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Bride of the Monster

Bride of the Monster (1956) reunites Ed Wood and Bela Lugosi. Also released as Bride of the Atom, this was the film that separated Wood from Dolores Fuller, who was furious that she didnít get the female lead. Lugosi brings his peculiar Eastern European gravitas to the role of a Nazi-like scientist who occupies "the old Willow house" at the edge of a swamp. There he conducts experiments to create a race of "super-beings" who will help him take over the world.

The film is treasured by Wood aficionados for several reasons. One is the monster, a big rubber octopus thatís surely one of cinema historyís most lethargic menaces. It lies limp in a puddle of water outside Lugosiís lab, waiting for victims to jump on it and wrap themselves in its arms, which donít seem to move without some help from said victims. This creature was memorialized in Tim Burtonís Ed Wood, and itís quite endearing to watch the clumsy manipulations required to make it do its evil duty.

The second lure of Bride of the Monster is Lugosi, who's wonderfully affecting in the midst of what looks like a chaotic production. As mad scientist (and crack hypnotist) Dr. Eric Vornoff, he brings an odd, unexpected warmth to some of his scenes - for example, when he's pretending to be solicitous to the woman he's captured. In other scenes, he exudes a sense of tragedy, as in a beautifully dramatic speech that starts "I have no home ... hunted ... despised ... living like an animal ... the jungle is my home!" Bela's authenticity and soulful dramaturgy are always a pleasure to watch.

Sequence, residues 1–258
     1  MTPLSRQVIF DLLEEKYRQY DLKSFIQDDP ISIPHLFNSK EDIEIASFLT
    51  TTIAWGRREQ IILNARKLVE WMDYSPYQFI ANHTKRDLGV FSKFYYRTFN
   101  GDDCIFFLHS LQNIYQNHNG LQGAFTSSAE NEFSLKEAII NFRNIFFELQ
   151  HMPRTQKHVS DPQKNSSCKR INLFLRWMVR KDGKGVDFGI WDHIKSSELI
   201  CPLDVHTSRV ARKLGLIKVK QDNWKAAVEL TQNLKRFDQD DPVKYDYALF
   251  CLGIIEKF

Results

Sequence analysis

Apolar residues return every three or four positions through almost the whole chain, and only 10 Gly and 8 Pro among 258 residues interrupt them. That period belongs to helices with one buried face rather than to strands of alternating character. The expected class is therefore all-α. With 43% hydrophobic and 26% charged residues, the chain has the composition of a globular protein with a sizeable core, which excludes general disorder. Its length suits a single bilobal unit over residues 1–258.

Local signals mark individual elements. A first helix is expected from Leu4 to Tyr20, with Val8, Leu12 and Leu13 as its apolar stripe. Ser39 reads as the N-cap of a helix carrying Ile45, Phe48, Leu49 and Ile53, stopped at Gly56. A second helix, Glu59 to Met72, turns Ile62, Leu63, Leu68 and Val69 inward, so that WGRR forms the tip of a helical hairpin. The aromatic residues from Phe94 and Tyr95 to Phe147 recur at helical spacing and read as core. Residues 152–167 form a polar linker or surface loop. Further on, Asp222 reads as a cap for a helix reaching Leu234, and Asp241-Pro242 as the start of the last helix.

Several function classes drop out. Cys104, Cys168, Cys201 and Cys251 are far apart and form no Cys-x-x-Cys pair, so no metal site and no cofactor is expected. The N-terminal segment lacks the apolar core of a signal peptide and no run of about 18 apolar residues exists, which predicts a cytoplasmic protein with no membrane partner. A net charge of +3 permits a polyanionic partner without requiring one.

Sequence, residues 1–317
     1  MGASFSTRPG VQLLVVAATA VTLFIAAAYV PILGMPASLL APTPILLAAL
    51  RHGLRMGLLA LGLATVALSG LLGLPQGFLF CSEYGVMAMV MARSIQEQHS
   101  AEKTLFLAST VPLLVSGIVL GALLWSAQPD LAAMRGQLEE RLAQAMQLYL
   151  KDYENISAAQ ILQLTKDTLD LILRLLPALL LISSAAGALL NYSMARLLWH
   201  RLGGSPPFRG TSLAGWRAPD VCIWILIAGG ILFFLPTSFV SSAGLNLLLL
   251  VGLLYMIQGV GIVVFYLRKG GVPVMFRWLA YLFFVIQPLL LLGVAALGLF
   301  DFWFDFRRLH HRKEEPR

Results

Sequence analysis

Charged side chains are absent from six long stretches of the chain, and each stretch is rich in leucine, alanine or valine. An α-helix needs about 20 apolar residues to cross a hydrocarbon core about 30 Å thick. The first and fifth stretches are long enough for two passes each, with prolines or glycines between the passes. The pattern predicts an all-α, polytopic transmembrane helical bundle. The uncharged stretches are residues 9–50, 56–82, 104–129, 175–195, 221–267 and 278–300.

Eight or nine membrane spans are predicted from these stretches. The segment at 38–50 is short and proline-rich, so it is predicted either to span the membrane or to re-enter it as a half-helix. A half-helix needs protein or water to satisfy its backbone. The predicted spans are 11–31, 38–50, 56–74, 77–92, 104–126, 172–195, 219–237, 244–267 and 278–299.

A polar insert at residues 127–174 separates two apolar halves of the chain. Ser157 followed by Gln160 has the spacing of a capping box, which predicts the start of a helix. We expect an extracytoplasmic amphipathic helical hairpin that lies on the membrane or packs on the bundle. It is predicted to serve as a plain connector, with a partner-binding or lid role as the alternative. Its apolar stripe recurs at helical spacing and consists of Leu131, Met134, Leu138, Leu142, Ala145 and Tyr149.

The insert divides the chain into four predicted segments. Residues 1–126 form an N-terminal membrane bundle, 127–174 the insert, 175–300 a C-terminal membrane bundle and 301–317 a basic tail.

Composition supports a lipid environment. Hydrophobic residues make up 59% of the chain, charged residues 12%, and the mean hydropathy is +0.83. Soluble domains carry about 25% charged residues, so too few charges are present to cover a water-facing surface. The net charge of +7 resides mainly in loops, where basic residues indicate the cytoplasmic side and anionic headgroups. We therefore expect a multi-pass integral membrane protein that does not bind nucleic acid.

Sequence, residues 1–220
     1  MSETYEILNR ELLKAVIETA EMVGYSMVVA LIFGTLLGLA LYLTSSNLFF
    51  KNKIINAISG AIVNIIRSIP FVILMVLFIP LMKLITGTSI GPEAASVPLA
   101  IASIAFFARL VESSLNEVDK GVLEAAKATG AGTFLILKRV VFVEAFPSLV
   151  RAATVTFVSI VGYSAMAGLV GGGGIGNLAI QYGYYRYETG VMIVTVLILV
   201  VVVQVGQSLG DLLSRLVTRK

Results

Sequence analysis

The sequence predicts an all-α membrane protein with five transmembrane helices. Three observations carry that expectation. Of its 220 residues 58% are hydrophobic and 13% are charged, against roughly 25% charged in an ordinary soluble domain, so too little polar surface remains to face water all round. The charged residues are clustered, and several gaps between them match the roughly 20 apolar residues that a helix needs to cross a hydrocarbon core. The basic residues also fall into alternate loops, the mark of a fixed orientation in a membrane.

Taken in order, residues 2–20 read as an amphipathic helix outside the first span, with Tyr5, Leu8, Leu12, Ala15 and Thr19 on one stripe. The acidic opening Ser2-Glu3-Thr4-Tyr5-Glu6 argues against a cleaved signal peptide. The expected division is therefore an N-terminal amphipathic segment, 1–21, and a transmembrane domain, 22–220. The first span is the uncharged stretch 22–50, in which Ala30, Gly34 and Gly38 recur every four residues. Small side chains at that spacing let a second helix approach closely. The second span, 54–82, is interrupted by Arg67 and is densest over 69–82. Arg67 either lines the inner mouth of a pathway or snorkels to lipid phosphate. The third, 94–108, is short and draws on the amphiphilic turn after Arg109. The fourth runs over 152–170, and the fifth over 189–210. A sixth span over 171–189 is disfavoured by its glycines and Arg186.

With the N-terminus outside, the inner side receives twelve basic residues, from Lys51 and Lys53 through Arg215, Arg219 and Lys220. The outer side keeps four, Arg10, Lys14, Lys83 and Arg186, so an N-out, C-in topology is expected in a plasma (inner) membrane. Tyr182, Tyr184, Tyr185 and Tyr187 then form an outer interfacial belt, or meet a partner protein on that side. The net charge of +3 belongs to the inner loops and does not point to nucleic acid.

There's also an amusing "Beauty and the Beast" angle, with Wood staple Tor Johnson as Lobo, a slobbering Igor figure ("a man-beast" per the pressbook) for Vornoff. Poor Lobo is in love with the woman his master has picked to be the "bride of the atom" (whatever that is). Vornoff's plan to create a race of "atomic supermen" seems poorly conceived, to put it kindly; whenever he straps a guy onto his table to be jolted into superman status, the guy dies. Undaunted, Vornoff continues his plan, strapping the "bride" (played by Loretta King) onto his table for electroshock, at which point Lobo rebels and straps Vornoff on the table instead. Curiously, Lobo, though apparently a moron, is able to work the machinery. So much for the Nietzschean ideal. Minor thrills include the always welcome Paul Marco as the doltish cop Kelton, Dolores Fuller in a small role, and a collection of broken-down old radio equipment that doubles for a mad scientist's laboratory.


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Glen or Glenda?
Jail Bait
Bride of the Monster
Plan 9 From Outer Space